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Swerford Castle

A Scheduled Monument in Swerford, Oxfordshire

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Coordinates

Latitude: 51.978 / 51°58'40"N

Longitude: -1.4591 / 1°27'32"W

OS Eastings: 437248.253092

OS Northings: 231193.828118

OS Grid: SP372311

Mapcode National: GBR 6S9.XM2

Mapcode Global: VHBZ3.NKH1

Entry Name: Swerford Castle

Scheduled Date: 23 March 1949

Last Amended: 26 July 1996

Source: Historic England

Source ID: 1014748

English Heritage Legacy ID: 21833

County: Oxfordshire

Civil Parish: Swerford

Traditional County: Oxfordshire

Lieutenancy Area (Ceremonial County): Oxfordshire

Church of England Parish: Hook Norton with Great Rollright and Swerford

Church of England Diocese: Oxford

Details

The monument includes the 12th century Swerford motte and bailey castle and an
associated enclosure extending to the north east situated on a north facing
crest, overlooking the valley of the River Swere at a point where the river is
fordable.
The motte survives as a small stone and earthen conical mound c.18m in
diameter at its summit and c.30m across at its base. It stands c.4m above the
original ground level. It has been slightly truncated to the south where it
has been levelled into the ditch.
The bailey to the south of the motte is roughly kidney-shaped. It encloses an
area c.52m from east-west and 47m from north-south surrounded by a stone
rampart 5m across and up to 3m high and a substantial ditch 10m wide and c.5m
deep. It survives around the entire circuit except for a short 20m long
section in the south west corner which was destroyed in 1925 by an extension
of the adjacent churchyard. A number of platforms within the bailey mark the
location of stables, kitchens and store rooms which will have buried remains.
The original entrance lies on the north side of the castle, facing the ford.
It is situated between the motte and the bailey ditch and measures 8m across.
To the north east of the motte lies a second, smaller, bailey on which two
slight circular platforms stand. Both platforms, believed to be the locations
of a dovecote and windmill, measure c.13m in diameter and 0.4m high. The
bailey has no ditch as such but is formed by a raised platform of material cut
out of the slope. It measures c.32m from north-south and 19m from east-west.
Slight traces of ridge and furrow cultivation are visible in the north east
corner of the field in which the castle lies. These represent agricultural
activity around the site in the Middle Ages. To the south west there is also a
slight hollow way running through the line of the ditch which is believed to
date to the period after the castle fell out of use.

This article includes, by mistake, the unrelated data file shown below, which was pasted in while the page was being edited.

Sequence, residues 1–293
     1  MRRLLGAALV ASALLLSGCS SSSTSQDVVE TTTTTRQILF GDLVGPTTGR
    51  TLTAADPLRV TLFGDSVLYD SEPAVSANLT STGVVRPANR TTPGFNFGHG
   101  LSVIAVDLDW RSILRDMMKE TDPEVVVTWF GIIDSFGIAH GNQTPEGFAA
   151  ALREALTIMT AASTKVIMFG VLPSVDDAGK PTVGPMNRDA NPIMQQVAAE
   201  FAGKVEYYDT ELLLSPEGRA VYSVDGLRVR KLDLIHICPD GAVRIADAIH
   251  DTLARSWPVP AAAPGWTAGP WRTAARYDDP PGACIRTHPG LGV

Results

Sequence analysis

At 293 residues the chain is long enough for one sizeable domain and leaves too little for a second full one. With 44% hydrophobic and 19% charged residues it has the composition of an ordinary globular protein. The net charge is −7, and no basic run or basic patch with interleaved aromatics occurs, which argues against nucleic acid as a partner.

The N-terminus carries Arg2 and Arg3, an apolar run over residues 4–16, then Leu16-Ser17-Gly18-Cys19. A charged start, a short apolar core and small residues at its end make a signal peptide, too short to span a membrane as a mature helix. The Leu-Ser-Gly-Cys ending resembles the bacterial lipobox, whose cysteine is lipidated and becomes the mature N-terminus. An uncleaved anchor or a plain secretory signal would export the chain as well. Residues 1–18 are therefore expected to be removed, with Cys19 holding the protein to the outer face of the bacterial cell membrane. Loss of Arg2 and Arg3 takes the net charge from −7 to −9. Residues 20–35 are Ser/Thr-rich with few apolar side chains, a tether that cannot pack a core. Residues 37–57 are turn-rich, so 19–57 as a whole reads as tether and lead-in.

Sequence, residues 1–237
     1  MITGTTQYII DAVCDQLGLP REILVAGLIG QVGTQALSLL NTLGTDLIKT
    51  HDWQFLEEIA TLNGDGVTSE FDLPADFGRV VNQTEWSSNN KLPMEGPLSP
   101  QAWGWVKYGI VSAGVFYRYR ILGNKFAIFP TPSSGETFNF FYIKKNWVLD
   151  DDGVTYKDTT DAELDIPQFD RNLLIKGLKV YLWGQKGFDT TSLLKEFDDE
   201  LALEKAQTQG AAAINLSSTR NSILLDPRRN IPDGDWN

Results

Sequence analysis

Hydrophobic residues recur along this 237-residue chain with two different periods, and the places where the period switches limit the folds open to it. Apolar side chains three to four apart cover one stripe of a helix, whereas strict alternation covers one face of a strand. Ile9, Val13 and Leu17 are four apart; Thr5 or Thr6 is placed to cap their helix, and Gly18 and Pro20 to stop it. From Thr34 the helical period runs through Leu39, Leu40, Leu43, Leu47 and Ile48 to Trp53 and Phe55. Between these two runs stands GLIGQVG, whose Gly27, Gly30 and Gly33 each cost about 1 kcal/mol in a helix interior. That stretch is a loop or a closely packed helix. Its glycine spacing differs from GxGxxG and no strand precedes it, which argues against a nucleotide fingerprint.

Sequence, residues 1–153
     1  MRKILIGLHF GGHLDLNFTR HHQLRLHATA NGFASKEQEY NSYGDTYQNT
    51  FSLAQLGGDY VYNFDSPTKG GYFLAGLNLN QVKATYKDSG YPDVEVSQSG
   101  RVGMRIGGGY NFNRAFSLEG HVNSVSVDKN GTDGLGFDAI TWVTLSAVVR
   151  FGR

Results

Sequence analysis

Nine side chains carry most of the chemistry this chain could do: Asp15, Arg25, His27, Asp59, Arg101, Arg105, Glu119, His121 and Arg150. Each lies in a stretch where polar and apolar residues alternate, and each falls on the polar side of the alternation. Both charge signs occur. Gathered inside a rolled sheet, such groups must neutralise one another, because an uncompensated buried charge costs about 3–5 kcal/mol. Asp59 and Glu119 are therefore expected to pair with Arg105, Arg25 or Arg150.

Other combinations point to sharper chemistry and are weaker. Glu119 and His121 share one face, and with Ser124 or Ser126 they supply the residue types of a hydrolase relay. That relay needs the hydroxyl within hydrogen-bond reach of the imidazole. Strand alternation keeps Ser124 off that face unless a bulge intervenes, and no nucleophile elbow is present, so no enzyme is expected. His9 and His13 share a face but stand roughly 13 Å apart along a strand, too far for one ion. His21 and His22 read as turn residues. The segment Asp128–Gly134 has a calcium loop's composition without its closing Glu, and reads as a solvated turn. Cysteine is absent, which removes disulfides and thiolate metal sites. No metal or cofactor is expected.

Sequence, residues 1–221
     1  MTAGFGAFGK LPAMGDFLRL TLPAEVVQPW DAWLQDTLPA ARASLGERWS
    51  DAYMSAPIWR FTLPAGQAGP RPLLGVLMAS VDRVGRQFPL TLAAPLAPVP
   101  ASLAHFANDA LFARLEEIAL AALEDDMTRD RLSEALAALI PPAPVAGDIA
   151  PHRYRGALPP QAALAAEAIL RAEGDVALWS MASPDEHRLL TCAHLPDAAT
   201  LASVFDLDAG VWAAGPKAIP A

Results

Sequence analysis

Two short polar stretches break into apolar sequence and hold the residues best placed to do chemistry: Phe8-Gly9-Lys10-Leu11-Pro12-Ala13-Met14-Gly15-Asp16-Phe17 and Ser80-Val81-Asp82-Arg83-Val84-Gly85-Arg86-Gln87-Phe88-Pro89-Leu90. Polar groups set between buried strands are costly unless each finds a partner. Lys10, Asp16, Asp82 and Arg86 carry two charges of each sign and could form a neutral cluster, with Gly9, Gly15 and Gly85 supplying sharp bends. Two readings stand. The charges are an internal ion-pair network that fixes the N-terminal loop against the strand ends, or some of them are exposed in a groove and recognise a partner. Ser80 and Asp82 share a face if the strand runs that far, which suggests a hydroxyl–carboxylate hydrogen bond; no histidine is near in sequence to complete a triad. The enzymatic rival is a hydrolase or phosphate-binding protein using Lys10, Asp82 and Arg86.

Part excavations in 1938 and 1956 recovered a large quantity of pottery and
some metal work. Much of the pottery was of the same type as that found at
Ascott d'Oyley castle, believed to have been built at a similar date by the
same family.
The pottery suggests a date for the castle's construction in the second half
of the 12th century, perhaps linked to the unrest of the civil war between
King Stephen and Empress Mathilda known as `the Anarchy'.
Excluded from the scheduling are the boundary fences and walls although the
ground beneath is included.

MAP EXTRACT
The site of the monument is shown on the attached map extract.

Source: Historic England

Reasons for Scheduling

Motte and bailey castles are medieval fortifications introduced into Britain
by the Normans. They comprised a large conical mound of earth or rubble, the
motte, surmounted by a palisade and a stone or timber tower. In a majority of
examples an embanked enclosure containing additional buildings, the bailey,
adjoined the motte. Motte castles and motte-and-bailey castles acted as
garrison forts during offensive military operations, as strongholds, and, in
many cases, as aristocratic residences and as centres of local or royal
administration. Built in towns, villages and open countryside, motte and
bailey castles generally occupied strategic positions dominating their
immediate locality and, as a result, are the most visually impressive
monuments of the early post-Conquest period surviving in the modern landscape.
Over 600 motte castles or motte-and-bailey castles are recorded nationally,
with examples known from most regions. As one of a restricted range of
recognised early post-Conquest monuments, they are particularly important for
the study of Norman Britain and the development of the feudal system. Although
many were occupied for only a short period of time, motte castles continued to
be built and occupied from the 11th to the 13th centuries, after which they
were superseded by other types of castle.

The motte and bailey castle at Swerford survives as an extant earthwork
monument at the centre of the village whose development it both promoted and
then later affected. It is a good example of its class and part excavation
has demonstrated that it contains archaeological remains relating to the
monument, the landscape in which it was built and the economy of the
inhabitants.

Source: Historic England

Sources

Books and journals
Jope, EM, Castle Hill, Swerford, (1939), 2
Jope, EM, Castle Hill, Swerford, (1939), 3
Jope, EM, Castle Hill, Swerford, (1939), 1
Jope, EM, Castle Hill, Swerford, (1939), 3
Other
JOPE, E.M., EXCAVATIONS AT SWERFORD CASTLE, 1956, Unpublished paper in SMR file 1151
Personal observations, Jeffery, PP, Castle Hill, Swerford, (1993)
PRN 1151, C.A.O., Swerford Castle, (1970)
St Mary's Church Swerford, 1970, Guide book in SMR and church lobby
St Mary's Church Swerford, 1970, Guide book in SMR and church lobby

Source: Historic England

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